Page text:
If you don't know why that reporting sounds a tad thin, read the post below.

Yesterday the Houston Chronicle reported that Halliburton has been hired by the Navy to repair its damaged facilities in Mississippi and perform initial damage assessments of facilities in New Orleans.

The work was assigned, reported the Chronicle, "under a 'construction capabilities' contract awarded in 2004 after a competitive bidding process." But it raises a question it is not at all too early to ask. The egg is pretty much cooked on the relief operation. But in the coming days and weeks we will move into a recovery phase in which, no doubt, tens of billions of dollars will be spent cleaning up and rebuilding not just New Orleans but big sections of the Gulf Coast.

Does anyone believe that the Bush administration can handle that money and that task without widespread waste, fraud and cronyism?

That's not just a question for partisan Democrats. I would think that there are a lot of Republicans up for reelection next year who are probably giving that question some serious thought. They may not want to attack the president. They may even want their own seat on the gravy train. But they know the record as well as anyone. And they may not want to be carrying the president's water a year from now when the news stories are filling the papers.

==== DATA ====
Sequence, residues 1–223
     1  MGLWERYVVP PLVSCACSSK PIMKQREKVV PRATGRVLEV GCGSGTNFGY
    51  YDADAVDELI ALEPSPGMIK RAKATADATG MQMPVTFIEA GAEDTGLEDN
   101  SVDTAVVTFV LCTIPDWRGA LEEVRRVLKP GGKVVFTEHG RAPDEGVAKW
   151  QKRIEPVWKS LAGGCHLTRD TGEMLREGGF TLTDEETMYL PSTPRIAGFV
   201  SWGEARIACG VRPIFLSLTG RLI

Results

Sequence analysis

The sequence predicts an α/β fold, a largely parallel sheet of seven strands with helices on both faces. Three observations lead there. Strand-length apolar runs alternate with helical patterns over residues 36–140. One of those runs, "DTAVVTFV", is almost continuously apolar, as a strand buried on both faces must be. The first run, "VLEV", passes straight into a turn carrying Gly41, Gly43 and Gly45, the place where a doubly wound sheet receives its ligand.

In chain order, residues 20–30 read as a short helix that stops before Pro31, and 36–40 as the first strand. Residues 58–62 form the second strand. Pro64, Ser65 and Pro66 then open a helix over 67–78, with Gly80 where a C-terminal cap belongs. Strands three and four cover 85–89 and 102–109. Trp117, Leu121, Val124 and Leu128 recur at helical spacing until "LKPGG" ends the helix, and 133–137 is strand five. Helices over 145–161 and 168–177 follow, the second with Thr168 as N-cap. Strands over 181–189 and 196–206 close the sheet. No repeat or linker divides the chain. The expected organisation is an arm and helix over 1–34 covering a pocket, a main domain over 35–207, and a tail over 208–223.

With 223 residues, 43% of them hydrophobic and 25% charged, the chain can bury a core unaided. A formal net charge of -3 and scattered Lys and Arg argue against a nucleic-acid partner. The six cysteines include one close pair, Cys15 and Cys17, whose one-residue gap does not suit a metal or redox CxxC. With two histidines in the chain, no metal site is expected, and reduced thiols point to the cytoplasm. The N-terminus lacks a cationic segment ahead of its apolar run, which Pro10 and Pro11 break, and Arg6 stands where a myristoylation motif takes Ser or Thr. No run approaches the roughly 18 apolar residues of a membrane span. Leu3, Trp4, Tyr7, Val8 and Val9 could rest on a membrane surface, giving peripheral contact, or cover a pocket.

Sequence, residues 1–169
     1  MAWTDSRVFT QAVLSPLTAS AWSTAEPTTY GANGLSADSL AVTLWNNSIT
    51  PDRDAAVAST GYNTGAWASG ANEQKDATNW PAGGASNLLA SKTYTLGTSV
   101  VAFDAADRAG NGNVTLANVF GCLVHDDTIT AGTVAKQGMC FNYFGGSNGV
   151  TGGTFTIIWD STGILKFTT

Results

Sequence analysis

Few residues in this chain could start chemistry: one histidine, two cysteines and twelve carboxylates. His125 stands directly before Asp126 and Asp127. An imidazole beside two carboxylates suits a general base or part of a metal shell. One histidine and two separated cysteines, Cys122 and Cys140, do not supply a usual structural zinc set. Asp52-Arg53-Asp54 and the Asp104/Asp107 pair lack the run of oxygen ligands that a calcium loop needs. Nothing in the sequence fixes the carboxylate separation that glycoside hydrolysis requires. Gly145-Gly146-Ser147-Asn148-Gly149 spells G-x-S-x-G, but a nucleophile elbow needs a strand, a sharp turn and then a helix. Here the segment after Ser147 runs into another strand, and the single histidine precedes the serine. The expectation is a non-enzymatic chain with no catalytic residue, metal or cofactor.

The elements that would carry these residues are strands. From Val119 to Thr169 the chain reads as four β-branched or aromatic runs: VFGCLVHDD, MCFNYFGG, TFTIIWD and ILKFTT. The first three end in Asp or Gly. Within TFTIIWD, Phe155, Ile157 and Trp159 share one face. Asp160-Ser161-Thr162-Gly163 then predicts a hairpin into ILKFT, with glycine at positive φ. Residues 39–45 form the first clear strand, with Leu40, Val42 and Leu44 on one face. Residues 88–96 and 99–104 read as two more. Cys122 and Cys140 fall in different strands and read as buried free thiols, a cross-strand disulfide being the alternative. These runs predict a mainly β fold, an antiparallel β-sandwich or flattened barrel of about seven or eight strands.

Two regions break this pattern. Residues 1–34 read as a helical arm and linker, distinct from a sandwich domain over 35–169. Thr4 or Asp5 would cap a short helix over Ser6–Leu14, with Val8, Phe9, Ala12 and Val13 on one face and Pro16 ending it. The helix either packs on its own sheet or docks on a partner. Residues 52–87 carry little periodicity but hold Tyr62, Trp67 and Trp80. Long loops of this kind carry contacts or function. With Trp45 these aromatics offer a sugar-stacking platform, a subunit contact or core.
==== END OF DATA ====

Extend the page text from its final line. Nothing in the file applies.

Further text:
The news out today about FEMA Director Michael Brown tells the ugly tale. So let's just review what we now know -- with key new details first from a diarist at DailyKos and now confirmed in more depth in this morning's Boston Herald.

Michael Brown is a lawyer and GOP party activist. Before he came to FEMA in 2001, he had a full-time job overseeing horse-shows as the commissioner of the International Arabian Horse Association. He started with them in 1991. But he was eventually fired because of what the Herald describes as "after a spate of lawsuits over alleged supervision failures." (The Kos diary has some more details.)